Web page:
Guess what nurses? Your patients believe in you!
Long hours. Critical thinking. Problem-solving. Compassion. Hard conversations. All the research. Lifelong learning. My fellow nurses, your commitment to your work and everything you stand for as a nurse is seen by your patients and your communities. All of it comes together and manifests into a single, unbelievably important value: trust.
The Gallup Poll Social Series Findings
Your patients and communities trust in you. It cannot be emphasized enough how important that is, and how beautiful it is to be honored with that trust. The Gallup Poll Social Series has released its findings for the year of 2019, and nurses have been found by the people to be the highest of all other professions in question in matters of honesty and ethics.
Nurses ranked higher in matters of honesty and ethics by a fairly large margin over other professions. In fact, 85 percent answered with “very high” or “high” when asked, “Please tell me how you would rate the honesty and ethical standards of people in these different fields — very high, high, average, low, or very low?” The next highest-ranked professions were; engineers coming in at 66 percent, medical doctors at 65 percent, pharmacists at 64percent, and dentists at 61 percent.
For 17 years consecutively, nurses have ranked highest in this category, and with the exception of the year 2004, at an encouraging 80 percent or higher. In 2004 we ranked at 79 percent and were still ranked highest of the professions in question.
The poll asks about several other professions: politicians and salespersons are ranked among the lowest. (I’m sure there’s a joke in there somewhere, but I won’t stoop to it.)
What is the Gallup Poll Social Series?
The Gallup Poll Social Series conducts interviews with a little over 1,000 randomly selected adults living via telephone. These adults hail from all over our nation, including all 50 U.S. states and the District of Colombia. Interviews were conducted in English or Spanish, depending on the language preference of the adult being surveyed.
A Little History About our Code of Ethics
The profession of nursing has not always had a code of ethics. Our profession’s first official code of ethics was established in 1950. So what did nurses subscribe to, as a guide before then? The Nightingale Pledge.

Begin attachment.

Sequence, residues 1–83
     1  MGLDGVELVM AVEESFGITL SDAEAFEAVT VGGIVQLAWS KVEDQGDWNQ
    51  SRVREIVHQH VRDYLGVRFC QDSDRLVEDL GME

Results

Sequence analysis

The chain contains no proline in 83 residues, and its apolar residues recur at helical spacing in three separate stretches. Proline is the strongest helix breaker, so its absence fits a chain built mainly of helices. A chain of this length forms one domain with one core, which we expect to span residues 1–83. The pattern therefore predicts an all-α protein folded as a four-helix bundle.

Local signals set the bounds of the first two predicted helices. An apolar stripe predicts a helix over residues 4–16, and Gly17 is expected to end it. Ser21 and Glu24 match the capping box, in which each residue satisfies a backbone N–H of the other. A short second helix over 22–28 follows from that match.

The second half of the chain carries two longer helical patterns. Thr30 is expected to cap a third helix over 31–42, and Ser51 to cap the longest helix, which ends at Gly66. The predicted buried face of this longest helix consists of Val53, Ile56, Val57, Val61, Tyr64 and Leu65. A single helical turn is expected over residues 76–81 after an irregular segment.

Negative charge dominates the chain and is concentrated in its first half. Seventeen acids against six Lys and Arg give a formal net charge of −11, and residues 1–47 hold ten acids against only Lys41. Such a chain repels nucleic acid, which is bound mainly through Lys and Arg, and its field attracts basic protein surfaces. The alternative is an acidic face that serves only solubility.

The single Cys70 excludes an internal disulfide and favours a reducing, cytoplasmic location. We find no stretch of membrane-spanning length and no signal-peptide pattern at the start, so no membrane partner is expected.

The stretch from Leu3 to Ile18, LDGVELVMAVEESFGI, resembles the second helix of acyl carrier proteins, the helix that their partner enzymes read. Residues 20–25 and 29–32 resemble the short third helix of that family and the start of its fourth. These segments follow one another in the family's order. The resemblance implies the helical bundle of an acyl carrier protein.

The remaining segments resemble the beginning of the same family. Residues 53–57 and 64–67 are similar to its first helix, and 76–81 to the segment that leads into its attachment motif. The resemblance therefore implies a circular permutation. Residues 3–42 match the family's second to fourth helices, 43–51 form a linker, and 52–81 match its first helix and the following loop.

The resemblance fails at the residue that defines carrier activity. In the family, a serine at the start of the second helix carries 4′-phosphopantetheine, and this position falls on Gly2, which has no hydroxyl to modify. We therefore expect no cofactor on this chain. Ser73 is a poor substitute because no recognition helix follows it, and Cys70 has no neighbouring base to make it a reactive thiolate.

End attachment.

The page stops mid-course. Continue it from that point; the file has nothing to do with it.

In 1893, the Nightingale Pledge began giving a sense of unity and structure to the nursing profession. It was changed slightly in 1935. Odds are, one of these versions was read at your graduation. Do you remember? Here’s the 1935 version:
“I solemnly pledge myself before God and in the presence of this assembly, to pass my life in purity and to practise my profession faithfully. I will abstain from whatever is deleterious and mischievous, and will not take or knowingly administer any harmful drug. I will do all in my power to maintain and elevate the standard of my profession, and will hold in confidence all personal matters committed to my keeping, and all family affairs coming to my knowledge in the practice of my calling. With loyalty will I endeavour to aid the physician in his work, and as a ‘missioner of health’ I will dedicate myself to devoted service to human welfare.”
Our code has been revised several times since 1950. As our society changes and our professional duties change, so too will our code continue to change. The last revision, Code of Ethics for Nurses with Interpretive Statements can be found here. Our code of ethics is a rigorous one. All nine of the provisions are as important as any other. And our subscription to them is what has given our communities the confidence to trust in our abilities, and in us.
Well, the point isn’t actually to win. The point I am trying to hammer home, (is it working?) is that your commitment to the code is working, and has been working for a long time! When our patients trust us, they are more likely to follow our guidance.
With trust, those painful conversations are no less painful but are purer because they aren’t further marred by feelings of guilt or feelings of deception. With trust, our communities are more likely to engage in our efforts of preventative medicine. Our power as advocates for our patients is strong because we have established that trust.
Nursing Work is Hard
I don’t have to tell you that being a nurse is not an easy job. The studying required to become a nurse is rigorous in and of itself. The university degrees, the licensing, the certifications for specializations: they all require focus, time, energy, and money. Furthermore, the continuous learning required to stay abreast of changes in medical technology, and changes in the way we treat injuries and illnesses is no small endeavor either.
Nurses work with so many other disciplines in the medical field. Sometimes those colleagues are difficult to communicate with. Sometimes our professional opinions and recommendations are not met with the respectful ear they deserve. Yet, knowing that our patients place their trust so strongly in us, doesn’t that make some of those burdens a bit easier to bear? Look to your small victories with patients or colleagues, and the small joys that come your way while on shift for comfort on those days that just seem so hard.
2020 is the Year of the Nurse
Yes, surely you’ve heard by now, we are being celebrated! All. Year. Long.
This year is the 200th anniversary of the birth of Florence Nightingale, and the World Health Assembly has dedicated 2020 to be the Year of the Nurse and the Midwife, worldwide. This worldwide campaign aims to celebrate nurses and their stories and advocate for governments all over the world to invest in the growth of the workforce.
Get involved in local campaigns or follow your professional nursing organization to see how they are celebrating nurses this year. Look for and use #yearofthenurse, #nurses2020, #thankyounurse to be inspired. You are doing great, and your communities value you.